A History of Robert Rodriguez's Films
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Humble Beginnings - El Mariachi(1992)

Veteran filmmaker Robert Rodriguez returned to the Sundance as part of the 'From the Collection' series, which brings back classic indie flicks to the film f...
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Robert Rodriguez’s first venture into feature films was the low budget film, El Mariachi (1992). Rodriguez managed to shoot the film in one take and on a budget somewhere around 7,000 dollars. Although it was intended to be a direct to home video picture, El Mariachi’s unique style made it a huge hit at the prestigious Sundance Film Festival, and later to audiences around the world. It was during this production that Rodriquez developed his belief that “Creativity, not money” should be used to solve problems that arise in the making of films.  

 

Rodriguez, Robert. Interview by Vibe Magazine. Vibe Magazine. Vibe Magazine. 28 January 2013. Web. 19 November 2013.

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Spy Kids Series(2001)

Spy Kids Series(2001) | A History of Robert Rodriguez's Films | Scoop.it
How a one-man studio produced the SPY KIDS series without ever leaving home. Hint: he works some weird hours
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Departing from the violent movies of his early career, Robert Rodriguez released the family friendly Spy Kids in the spring of 2001. Despite the lack of his signature action sequences, Rodriguez still manages to instill within the film his distinctive style.  In typical fashion, Spy Kids features an overwhelmingly Hispanic cast. Additionally, the characters in Spy Kids are poorly developed; a theme that is prevalent in many of his films. Perhaps the most remarkable aspect of the entire Spy Kids series is Rodriquez’s ability to make extremely profitable films with a relatively small budget.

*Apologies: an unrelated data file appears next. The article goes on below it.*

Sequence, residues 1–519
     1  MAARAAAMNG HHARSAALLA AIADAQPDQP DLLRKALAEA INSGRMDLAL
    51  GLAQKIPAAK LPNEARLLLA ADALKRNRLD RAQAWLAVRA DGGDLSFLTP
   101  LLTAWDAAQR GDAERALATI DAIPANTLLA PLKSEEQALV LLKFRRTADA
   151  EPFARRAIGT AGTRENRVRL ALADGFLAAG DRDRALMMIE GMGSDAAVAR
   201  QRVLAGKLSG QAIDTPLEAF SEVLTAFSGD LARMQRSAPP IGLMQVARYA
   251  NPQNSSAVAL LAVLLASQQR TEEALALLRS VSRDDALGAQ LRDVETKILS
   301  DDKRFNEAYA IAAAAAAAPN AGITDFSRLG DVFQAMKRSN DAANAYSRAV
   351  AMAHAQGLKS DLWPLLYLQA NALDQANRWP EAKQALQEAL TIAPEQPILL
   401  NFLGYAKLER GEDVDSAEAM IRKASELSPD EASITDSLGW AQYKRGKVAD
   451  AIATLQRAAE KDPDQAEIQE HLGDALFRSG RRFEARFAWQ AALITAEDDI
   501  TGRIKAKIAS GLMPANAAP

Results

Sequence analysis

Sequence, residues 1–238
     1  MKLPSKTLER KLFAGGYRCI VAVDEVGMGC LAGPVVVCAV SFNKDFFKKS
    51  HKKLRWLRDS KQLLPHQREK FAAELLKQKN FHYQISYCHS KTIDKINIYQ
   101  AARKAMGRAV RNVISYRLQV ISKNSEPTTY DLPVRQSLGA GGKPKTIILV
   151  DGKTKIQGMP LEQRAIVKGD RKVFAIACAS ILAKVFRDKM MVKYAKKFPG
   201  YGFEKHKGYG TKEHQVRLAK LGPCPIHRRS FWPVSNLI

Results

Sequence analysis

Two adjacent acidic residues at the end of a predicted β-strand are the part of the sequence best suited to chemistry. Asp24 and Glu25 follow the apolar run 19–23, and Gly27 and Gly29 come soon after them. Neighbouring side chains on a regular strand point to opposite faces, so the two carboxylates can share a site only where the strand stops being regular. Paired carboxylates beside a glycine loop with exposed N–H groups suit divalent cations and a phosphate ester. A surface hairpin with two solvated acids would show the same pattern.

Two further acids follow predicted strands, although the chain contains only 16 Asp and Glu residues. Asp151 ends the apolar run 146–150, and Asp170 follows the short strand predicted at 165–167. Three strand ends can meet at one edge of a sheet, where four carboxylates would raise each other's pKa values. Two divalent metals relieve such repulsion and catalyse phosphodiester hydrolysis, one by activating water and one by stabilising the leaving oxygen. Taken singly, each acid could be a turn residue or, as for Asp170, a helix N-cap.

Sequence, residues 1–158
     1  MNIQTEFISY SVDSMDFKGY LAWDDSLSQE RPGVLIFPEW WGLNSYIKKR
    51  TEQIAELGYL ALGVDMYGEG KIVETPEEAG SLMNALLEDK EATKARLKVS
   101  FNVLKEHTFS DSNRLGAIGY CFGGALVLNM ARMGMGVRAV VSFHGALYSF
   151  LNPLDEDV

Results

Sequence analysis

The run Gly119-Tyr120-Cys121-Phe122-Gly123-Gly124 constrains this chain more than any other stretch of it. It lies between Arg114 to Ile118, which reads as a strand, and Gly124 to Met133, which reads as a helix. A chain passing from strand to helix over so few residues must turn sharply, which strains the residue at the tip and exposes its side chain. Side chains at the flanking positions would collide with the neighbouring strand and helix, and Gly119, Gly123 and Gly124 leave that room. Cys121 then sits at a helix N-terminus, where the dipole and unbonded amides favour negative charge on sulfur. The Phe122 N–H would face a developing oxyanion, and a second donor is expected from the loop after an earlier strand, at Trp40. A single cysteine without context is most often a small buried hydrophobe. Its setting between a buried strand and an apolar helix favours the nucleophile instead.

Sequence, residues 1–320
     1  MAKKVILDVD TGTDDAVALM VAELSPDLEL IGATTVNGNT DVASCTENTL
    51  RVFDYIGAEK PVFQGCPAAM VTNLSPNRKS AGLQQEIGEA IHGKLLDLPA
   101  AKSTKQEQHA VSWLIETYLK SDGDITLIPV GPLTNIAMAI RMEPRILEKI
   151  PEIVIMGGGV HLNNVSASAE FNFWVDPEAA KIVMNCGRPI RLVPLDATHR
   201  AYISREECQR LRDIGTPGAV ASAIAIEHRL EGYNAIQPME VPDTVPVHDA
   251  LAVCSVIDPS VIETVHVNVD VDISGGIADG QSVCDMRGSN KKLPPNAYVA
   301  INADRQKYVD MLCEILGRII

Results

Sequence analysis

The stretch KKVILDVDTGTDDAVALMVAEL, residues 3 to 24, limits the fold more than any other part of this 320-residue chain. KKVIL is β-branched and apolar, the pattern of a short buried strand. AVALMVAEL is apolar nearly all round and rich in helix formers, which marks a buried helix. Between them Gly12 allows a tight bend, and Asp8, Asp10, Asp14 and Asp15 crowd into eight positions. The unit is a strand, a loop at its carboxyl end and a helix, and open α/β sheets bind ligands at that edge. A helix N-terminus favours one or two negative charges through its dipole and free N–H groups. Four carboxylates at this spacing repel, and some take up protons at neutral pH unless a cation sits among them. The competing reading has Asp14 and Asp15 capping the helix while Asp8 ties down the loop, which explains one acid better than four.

Booth, Cathy. “The Family Man.” Time Magazine. 28 July 2003. Pg. 60-64. Print. 

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Sin City(2005)

Release Date: April 1, 2005 Robert Rodriguez ("Spy Kids," "Once Upon a Time in Mexico") and comic book icon Frank Miller co-direct "Sin City," based on the s...
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Together with graphic novel writer, Frank Miller, Robert Rodriguez directed and produced a film adaptation of Miller’s Sin City in 2005. It could be considered the black sheep of Rodriguez’s films. True to the source material, the film’s style is similar to the crime dramas of the 1940s. Accordingly, Sin City is in black and white and features serious monologues. The three main protagonists are effectively developed, and their psyche is thoroughly explored. Nevertheless, the film is still violent. It should be noted that like the pervious Spy Kids films, photography for Sin City mostly took place in front of green screens.

 

Sin City. Dir. Robert Rodriguez. Dimension Films. 2005. Web.

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Machete (2010)

Machete (2010) | A History of Robert Rodriguez's Films | Scoop.it